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A Collection of Emblemes

Ancient and Moderne: Quickened VVith Metricall Illvstrations, both Morall and Divine: And disposed into Lotteries, That Instruction, and Good Counsell, may bee furthered by an Honest and Pleasant Recreation. By George Wither

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Illvstr. XXII.


Illvstr. XXII.

[A Heart with Hand-in-hand, united thus]

My Hand and Heart, in one agree,
What can you more desire of mee?

A Heart with Hand-in-hand, united thus,
Makes here an Emblem not unknowne to us;
And, 'tis not hard for any Vulgar wit,
Without a Comment, to interpret it.
But, though of ev'ry man confest it be,
That Hand and Heart together should agree;
And, that, what we in outward shew expresse,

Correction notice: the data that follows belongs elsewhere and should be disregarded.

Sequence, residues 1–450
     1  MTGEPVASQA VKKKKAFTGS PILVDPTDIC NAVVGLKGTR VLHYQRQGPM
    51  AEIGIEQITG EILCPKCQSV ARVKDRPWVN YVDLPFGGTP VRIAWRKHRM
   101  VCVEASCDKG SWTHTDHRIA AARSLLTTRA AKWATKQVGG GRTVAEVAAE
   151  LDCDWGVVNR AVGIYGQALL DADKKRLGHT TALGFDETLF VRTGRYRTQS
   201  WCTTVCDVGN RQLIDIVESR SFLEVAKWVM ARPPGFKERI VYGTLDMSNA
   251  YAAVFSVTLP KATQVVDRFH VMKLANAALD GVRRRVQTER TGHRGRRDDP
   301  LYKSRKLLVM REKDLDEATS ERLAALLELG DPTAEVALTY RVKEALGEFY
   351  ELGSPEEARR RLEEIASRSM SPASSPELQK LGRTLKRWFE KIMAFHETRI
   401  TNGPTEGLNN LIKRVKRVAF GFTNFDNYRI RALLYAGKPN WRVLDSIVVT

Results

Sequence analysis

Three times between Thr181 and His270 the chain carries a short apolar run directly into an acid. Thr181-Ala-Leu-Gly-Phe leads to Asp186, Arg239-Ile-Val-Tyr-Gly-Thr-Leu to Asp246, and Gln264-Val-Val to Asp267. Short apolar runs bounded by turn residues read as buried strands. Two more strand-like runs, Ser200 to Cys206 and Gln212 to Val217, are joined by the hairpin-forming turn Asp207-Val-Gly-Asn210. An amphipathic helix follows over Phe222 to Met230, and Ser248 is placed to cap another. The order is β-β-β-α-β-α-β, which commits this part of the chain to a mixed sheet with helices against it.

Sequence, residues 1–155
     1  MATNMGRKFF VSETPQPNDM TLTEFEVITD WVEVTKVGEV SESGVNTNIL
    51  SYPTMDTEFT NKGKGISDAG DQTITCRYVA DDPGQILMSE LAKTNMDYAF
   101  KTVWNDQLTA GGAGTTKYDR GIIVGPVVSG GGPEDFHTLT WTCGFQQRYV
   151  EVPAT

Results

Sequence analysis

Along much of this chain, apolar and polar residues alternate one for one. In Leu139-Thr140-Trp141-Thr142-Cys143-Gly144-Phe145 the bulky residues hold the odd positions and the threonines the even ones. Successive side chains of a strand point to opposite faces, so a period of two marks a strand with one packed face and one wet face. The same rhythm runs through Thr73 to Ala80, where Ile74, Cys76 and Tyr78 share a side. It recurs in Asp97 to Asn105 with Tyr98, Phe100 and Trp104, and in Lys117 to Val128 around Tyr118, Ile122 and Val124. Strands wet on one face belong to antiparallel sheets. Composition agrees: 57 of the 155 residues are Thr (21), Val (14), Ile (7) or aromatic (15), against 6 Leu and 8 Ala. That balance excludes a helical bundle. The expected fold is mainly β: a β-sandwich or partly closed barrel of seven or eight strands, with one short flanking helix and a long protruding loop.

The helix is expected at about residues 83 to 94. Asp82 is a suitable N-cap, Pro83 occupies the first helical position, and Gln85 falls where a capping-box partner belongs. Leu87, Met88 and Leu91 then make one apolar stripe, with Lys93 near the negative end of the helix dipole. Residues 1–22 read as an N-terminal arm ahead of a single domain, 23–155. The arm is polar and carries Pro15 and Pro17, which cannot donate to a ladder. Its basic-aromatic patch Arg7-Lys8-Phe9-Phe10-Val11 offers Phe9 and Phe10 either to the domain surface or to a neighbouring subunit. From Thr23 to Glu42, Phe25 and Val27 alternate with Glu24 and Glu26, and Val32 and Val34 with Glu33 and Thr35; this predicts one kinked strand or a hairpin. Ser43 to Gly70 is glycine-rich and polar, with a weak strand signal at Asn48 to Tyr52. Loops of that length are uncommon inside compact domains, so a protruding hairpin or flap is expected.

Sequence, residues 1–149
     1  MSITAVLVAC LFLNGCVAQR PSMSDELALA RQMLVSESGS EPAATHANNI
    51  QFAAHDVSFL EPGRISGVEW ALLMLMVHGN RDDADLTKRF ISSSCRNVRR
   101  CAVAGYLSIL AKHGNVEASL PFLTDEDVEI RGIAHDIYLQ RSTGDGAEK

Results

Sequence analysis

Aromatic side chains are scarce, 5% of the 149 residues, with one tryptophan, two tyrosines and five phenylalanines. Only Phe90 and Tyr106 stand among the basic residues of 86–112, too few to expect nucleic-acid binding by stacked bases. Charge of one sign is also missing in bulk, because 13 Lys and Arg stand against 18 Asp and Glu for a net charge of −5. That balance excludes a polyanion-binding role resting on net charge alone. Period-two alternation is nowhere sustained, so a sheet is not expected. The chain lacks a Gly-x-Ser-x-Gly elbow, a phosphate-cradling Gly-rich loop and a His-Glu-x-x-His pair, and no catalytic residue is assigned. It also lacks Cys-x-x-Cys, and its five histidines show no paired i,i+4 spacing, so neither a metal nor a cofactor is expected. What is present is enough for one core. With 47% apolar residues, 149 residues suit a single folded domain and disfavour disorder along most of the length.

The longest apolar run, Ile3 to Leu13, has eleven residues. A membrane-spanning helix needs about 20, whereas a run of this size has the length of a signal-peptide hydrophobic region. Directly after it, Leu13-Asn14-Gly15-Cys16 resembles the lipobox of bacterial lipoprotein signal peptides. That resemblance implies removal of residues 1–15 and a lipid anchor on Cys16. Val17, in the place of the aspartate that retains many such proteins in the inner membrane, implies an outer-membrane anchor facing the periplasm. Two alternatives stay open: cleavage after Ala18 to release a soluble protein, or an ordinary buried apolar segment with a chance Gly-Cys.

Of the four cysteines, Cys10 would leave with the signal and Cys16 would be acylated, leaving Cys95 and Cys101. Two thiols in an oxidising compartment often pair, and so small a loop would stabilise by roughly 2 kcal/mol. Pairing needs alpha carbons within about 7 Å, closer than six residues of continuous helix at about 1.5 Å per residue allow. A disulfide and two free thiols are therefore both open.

Perform'd should be, with inward-heartinesse.
(Since, now the World, to such a passe is growne,
That, all is not consider'd, which is knowne)
I cannot thinke it altogether vaine,
To speake of that, which may appeare so plaine.
When thou dost reach thy hand unto thy friend,
Take order, that thy heart the same intend:
For, otherwise in Hand, or Heart, thou lyest,
And, cuttest off a Member, e're thou dyest.
Some, give their Hearts (as many Lovers do)
Yet, are afraid, to set their hands thereto.
Some give their Hands; and, then by many a deed,
To ratifie the gift, they dare proceede;
Yet, keep their tongues from saying what they meant,
To helpe excuse their hearts, when they repent.
Yea, some can very cunningly expresse,
In outward shew, a winning heartinesse,
And, steale the deare affections they have sought,
From those, to whom they meant, nor promis'd ought.
Then, will they, if advantage come thereby,
Make all their Deeds, for want of Words, a ly.
Among Dissemblers, in things temporall,
These Raskalls are the ver'est Knaves of all.